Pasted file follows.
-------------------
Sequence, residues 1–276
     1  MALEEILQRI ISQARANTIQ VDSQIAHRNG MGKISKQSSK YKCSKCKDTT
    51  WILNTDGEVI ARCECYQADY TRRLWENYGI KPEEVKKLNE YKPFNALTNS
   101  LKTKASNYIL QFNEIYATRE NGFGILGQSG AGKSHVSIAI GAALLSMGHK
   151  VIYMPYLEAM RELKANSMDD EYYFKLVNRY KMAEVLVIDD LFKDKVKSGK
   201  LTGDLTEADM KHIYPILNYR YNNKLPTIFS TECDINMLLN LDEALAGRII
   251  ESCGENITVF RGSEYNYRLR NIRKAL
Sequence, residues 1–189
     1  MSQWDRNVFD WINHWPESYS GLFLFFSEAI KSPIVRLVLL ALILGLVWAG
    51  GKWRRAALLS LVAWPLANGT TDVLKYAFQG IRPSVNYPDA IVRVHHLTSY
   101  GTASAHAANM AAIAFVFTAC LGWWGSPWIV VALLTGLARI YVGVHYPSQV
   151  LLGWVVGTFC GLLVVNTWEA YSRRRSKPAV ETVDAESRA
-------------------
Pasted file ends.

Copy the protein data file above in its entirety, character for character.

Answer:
Sequence, residues 1–276
     1  MALEEILQRI ISQARANTIQ VDSQIAHRNG MGKISKQSSK YKCSKCKDTT
    51  WILNTDGEVI ARCECYQADY TRRLWENYGI KPEEVKKLNE YKPFNALTNS
   101  LKTKASNYIL QFNEIYATRE NGFGILGQSG AGKSHVSIAI GAALLSMGHK
   151  VIYMPYLEAM RELKANSMDD EYYFKLVNRY KMAEVLVIDD LFKDKVKSGK
   201  LTGDLTEADM KHIYPILNYR YNNKLPTIFS TECDINMLLN LDEALAGRII
   251  ESCGENITVF RGSEYNYRLR NIRKAL
Sequence, residues 1–189
     1  MSQWDRNVFD WINHWPESYS GLFLFFSEAI KSPIVRLVLL ALILGLVWAG
    51  GKWRRAALLS LVAWPLANGT TDVLKYAFQG IRPSVNYPDA IVRVHHLTSY
   101  GTASAHAANM AAIAFVFTAC LGWWGSPWIV VALLTGLARI YVGVHYPSQV
   151  LLGWVVGTFC GLLVVNTWEA YSRRRSKPAV ETVDAESRA